Scary Good Web Design Tips

Krysia GabenskiFeatured News

October 26, 2015

Beware, dear reader, and steel your nerves before continuing further in this article. The stories contained herein are the unfortunate tales of dentists and patients attempting to connect with each other through mismanaged and long-neglected practice websites. Let this be a cautionary tale, and take heed, lest a similar gruesome fate befall your own practice.

It Came From 2005
It took almost half a minute, but when the dentist’s website finally shambled out from the darkness of the loading screen, the patient gasped. It was hideous. The unsightly configuration of mismatched and outdated design elements shuffled forward on two poorly constructed footers like an HTML Frankenstein’s monster.

“Welcome to my website,” it croaked, its cobwebbed mouth opened wide, revealing teeth in much need of a good dentist.

The patient nearly gagged as the unresponsive mass lurched forward, oversized images dragging behind its lopsided gait. It was almost enough to make her pity the aberration, but there was no time. She had to escape, to find a dentist with a modern Web presence. After all, if this is what the website looked like, there was no telling what outdated horrors lay within the practice itself.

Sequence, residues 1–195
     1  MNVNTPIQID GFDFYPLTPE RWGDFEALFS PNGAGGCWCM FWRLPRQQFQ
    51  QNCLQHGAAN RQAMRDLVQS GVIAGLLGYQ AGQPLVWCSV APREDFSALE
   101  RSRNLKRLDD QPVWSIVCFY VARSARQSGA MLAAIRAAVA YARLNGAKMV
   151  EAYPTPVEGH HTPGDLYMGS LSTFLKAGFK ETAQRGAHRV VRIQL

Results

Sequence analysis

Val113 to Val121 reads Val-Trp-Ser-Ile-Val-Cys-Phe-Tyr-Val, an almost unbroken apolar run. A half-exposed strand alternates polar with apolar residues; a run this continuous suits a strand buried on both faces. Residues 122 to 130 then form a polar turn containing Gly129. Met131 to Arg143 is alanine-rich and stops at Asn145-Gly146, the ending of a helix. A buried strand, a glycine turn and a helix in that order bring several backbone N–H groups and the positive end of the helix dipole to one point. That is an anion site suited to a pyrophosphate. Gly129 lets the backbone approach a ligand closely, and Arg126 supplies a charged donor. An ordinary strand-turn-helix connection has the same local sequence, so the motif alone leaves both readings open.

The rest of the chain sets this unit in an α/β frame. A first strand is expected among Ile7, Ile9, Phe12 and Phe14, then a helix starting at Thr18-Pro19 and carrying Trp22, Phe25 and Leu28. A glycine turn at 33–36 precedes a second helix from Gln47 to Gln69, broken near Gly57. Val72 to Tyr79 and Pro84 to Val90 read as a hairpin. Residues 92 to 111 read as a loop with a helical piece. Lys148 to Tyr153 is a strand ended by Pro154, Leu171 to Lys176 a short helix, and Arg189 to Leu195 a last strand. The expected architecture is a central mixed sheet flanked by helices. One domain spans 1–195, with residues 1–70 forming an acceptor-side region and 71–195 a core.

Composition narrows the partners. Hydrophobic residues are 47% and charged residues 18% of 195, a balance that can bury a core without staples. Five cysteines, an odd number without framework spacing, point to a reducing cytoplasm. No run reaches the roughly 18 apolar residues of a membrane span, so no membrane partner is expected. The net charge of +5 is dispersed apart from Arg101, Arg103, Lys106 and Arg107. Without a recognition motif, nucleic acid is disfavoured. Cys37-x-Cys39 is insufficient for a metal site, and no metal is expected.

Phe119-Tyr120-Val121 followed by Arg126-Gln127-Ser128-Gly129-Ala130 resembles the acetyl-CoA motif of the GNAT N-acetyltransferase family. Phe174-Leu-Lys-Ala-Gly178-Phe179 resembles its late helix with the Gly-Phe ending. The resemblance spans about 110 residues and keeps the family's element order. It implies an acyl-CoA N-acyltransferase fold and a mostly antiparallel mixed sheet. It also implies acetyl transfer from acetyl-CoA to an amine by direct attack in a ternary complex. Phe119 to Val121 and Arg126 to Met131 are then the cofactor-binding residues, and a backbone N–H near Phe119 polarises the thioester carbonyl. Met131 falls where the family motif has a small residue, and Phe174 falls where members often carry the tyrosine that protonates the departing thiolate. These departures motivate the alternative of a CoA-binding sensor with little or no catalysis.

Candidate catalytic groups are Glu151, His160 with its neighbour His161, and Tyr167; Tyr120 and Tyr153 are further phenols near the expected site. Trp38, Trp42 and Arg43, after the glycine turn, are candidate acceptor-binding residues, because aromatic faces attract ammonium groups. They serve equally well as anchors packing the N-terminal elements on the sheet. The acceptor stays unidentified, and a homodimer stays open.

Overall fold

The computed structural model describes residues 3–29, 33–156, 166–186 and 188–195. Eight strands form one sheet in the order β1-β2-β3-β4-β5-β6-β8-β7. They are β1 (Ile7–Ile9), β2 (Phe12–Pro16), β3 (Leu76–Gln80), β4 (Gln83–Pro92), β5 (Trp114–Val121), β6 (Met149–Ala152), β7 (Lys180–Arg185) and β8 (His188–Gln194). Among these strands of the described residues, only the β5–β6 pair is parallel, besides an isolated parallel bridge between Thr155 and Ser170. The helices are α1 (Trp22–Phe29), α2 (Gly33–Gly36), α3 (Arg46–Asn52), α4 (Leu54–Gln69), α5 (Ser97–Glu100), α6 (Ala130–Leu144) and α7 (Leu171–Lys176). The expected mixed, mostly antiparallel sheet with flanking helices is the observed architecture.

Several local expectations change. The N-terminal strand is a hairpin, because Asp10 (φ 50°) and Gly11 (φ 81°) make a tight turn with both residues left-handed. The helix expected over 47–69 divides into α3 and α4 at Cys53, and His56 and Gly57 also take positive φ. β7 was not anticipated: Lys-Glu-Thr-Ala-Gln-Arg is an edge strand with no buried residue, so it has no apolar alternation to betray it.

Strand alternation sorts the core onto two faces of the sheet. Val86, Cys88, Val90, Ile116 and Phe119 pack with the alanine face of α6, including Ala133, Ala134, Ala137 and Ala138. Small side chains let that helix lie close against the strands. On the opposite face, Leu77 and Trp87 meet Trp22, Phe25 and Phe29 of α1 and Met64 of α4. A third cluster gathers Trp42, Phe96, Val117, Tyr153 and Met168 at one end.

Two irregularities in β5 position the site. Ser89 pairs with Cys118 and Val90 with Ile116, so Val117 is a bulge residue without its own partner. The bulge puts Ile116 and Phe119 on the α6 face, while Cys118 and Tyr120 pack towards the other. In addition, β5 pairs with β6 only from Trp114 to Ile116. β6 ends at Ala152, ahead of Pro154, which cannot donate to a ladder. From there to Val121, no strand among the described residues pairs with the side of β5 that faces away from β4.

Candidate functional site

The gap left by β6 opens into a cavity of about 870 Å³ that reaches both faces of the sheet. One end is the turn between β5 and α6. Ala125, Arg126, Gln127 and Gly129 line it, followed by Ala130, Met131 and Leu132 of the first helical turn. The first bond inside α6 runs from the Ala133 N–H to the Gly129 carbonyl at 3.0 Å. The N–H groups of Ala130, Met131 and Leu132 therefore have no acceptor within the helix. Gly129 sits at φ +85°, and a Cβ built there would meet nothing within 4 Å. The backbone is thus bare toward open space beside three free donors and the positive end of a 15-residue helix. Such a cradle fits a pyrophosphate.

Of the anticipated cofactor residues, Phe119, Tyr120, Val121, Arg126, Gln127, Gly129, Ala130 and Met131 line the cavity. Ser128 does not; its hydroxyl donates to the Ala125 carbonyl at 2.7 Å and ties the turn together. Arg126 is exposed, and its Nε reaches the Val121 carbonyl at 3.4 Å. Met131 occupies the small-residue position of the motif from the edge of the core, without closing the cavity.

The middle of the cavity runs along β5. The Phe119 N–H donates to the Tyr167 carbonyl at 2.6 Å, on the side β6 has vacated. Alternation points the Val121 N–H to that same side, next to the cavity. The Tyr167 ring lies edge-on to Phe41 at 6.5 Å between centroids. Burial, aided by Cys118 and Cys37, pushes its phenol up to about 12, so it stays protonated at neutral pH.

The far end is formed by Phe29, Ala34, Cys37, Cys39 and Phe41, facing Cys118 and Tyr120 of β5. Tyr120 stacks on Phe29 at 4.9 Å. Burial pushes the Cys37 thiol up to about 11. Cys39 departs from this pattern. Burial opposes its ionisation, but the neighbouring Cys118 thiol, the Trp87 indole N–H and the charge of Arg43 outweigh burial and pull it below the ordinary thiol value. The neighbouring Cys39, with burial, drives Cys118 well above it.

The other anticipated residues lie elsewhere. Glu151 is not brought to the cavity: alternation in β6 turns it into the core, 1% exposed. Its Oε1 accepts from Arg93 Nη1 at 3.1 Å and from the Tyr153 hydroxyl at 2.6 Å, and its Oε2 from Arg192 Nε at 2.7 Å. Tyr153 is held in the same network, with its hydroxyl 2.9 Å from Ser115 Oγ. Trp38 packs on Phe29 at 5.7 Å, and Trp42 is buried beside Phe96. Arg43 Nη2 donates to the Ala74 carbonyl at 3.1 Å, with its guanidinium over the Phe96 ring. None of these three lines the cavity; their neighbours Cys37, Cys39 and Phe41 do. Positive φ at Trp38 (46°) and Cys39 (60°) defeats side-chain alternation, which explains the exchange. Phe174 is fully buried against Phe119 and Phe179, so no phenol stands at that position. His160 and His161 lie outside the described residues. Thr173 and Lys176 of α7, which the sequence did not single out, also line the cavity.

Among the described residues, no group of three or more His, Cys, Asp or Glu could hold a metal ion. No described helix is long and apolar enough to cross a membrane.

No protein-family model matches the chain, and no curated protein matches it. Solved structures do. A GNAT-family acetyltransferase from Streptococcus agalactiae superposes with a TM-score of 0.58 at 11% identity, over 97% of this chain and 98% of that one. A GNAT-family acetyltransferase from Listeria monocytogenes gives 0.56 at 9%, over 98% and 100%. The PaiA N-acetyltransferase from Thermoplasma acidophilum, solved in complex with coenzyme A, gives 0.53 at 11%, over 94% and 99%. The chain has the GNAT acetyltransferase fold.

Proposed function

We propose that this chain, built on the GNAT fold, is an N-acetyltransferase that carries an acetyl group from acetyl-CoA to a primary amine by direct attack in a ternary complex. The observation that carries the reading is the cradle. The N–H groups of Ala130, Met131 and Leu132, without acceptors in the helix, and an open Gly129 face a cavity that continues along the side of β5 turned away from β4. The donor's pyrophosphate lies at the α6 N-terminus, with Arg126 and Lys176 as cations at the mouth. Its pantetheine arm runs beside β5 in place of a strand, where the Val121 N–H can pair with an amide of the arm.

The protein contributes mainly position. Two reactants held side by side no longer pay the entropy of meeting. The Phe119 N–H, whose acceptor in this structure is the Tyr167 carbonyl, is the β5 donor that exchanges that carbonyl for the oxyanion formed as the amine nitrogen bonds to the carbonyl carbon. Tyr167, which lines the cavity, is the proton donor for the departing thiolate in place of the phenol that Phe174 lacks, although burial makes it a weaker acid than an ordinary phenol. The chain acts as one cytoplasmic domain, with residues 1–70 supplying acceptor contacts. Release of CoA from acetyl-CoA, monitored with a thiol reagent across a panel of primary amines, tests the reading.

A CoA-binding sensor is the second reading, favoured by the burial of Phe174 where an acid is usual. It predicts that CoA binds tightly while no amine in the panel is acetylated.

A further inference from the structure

In Cyberspace, No One Can Hear You Tweet
Dr. Igor had nothing but good intentions when he set out on his new experiment. The goal? Using social media to promote his practice and start generating referrals. He set up a Facebook page and a Twitter handle and started posting regularly. All might have gone well had he not made two crucial mistakes—failing to integrate social media buttons on the main website and never encouraging a patient to “like” his practice in person.

Dr. Igor has not been seen by a patient online since 2011. Legend has it that on some clear nights, if you turn up your speakers and listen very hard, you can just barely hear the whimper of his social media posts mumbling about the importance of semiannual exams.

There is still time for you. The horrors described here need never haunt your own practice. With the help of a company like the CDA-endorsed Web presence provider, Officite, your practice will be safe and sound with cutting edge responsive mobile design, integrated social media and search engine optimization—the tools your practice needs to survive.

About the Author: Kevin Rach is the marketing communications manager at Officite.